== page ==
AbstractThis work describes the development of a vacuum compatible microfluidic electrochemical cell (E-cell) for investigating the redox of uranium oxide (UO2). Conducting experiments on bulk amounts of radioactive material is costly and requires shielded hot cell facilities. By using microfluidic techniques, the amount of radioactive materials used in a single test can be significantly reduced, allowing for electrochemical experiments outside of a shielded facility. The paper details several attempts to develop a microfluidic E-cell that uses UO2 as the working electrode and can be used for in situ chemical imaging analysis. The authors discuss the advantages of microfluidic E-cells over traditional electrochemical cells and the challenges of designing a microfluidic E-cell that uses solid material as a working electrode and is compatible with vacuum-based analytical instruments. The paper outlines the different methods proposed for attaching the UO2 electrode under a thin detection window of the E-cell, including Focused Ion Beam Scanning Electron Microscopy lift-out method, Au-coating attachment, and polyvinylidene fluoride (PVDF) binder method. The authors conclude that using PVDF binder method is the most effective approach and demonstrates that particle-based electrodes can provide an effective and low-cost solution for microfluidic electrochemical applications. The in situ microfluidic E-cell design with the integration of a radioactive material working electrode provides a promising and cost-effective approach for investigating spent nuclear fuel via reducing the amount of materials needed for analysis.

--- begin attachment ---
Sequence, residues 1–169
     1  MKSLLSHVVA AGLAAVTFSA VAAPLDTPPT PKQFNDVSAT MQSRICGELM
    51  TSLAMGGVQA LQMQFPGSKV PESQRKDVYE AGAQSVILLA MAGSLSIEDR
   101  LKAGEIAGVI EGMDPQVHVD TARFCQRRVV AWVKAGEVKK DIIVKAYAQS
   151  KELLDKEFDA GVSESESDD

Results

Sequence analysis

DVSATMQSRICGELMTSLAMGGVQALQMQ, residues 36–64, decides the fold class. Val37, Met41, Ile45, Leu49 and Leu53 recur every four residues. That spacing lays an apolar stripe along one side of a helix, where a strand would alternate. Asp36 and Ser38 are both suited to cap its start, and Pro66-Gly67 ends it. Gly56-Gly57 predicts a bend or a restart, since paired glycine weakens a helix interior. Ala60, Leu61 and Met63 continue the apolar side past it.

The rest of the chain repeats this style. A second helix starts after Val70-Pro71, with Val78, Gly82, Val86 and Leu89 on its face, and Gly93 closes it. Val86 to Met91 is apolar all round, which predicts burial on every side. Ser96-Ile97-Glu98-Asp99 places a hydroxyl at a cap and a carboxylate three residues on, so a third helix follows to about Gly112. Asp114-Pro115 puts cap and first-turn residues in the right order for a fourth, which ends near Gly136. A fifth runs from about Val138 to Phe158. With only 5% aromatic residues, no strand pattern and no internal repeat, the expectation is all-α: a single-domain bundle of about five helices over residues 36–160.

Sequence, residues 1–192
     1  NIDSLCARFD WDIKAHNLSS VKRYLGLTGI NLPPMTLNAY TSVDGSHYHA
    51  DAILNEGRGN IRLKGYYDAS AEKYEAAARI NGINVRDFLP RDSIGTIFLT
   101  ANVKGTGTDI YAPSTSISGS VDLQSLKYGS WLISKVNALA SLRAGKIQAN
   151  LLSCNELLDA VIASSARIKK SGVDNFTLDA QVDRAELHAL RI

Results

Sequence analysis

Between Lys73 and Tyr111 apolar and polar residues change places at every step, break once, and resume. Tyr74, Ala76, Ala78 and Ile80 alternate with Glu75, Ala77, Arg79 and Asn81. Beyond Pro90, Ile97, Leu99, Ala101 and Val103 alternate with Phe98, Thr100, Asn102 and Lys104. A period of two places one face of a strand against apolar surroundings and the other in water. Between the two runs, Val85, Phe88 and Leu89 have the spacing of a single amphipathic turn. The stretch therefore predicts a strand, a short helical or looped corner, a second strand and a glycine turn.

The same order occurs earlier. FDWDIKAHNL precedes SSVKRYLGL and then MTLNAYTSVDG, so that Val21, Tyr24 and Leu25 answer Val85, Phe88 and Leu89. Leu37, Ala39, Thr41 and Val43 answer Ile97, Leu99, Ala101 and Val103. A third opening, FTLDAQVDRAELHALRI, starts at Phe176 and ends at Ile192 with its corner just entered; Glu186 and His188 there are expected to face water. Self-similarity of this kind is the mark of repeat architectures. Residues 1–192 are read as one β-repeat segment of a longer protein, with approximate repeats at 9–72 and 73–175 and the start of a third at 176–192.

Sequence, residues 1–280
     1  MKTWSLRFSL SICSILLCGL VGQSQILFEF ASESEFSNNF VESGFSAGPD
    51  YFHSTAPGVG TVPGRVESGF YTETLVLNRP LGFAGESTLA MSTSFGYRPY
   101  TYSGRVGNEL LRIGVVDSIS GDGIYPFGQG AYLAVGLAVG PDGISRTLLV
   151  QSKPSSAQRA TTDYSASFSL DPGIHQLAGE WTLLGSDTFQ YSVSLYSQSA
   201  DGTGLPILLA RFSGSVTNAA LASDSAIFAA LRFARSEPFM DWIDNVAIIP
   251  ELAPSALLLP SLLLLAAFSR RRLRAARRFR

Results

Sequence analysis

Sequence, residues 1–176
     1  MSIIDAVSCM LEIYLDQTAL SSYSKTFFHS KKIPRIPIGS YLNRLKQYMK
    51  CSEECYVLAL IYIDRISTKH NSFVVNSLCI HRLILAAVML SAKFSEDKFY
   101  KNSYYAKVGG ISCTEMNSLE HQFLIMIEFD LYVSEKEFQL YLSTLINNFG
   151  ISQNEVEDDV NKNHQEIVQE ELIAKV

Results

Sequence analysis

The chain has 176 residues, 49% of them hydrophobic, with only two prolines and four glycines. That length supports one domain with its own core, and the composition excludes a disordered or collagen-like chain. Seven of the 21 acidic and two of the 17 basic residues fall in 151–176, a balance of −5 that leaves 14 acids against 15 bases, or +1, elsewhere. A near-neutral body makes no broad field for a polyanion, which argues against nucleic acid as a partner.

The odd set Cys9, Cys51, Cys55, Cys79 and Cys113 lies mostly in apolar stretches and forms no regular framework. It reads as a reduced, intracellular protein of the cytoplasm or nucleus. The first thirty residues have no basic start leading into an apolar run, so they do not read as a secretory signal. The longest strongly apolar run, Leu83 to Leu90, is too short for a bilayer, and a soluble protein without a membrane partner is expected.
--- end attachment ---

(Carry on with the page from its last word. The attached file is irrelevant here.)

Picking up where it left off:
Published: November 15, 2023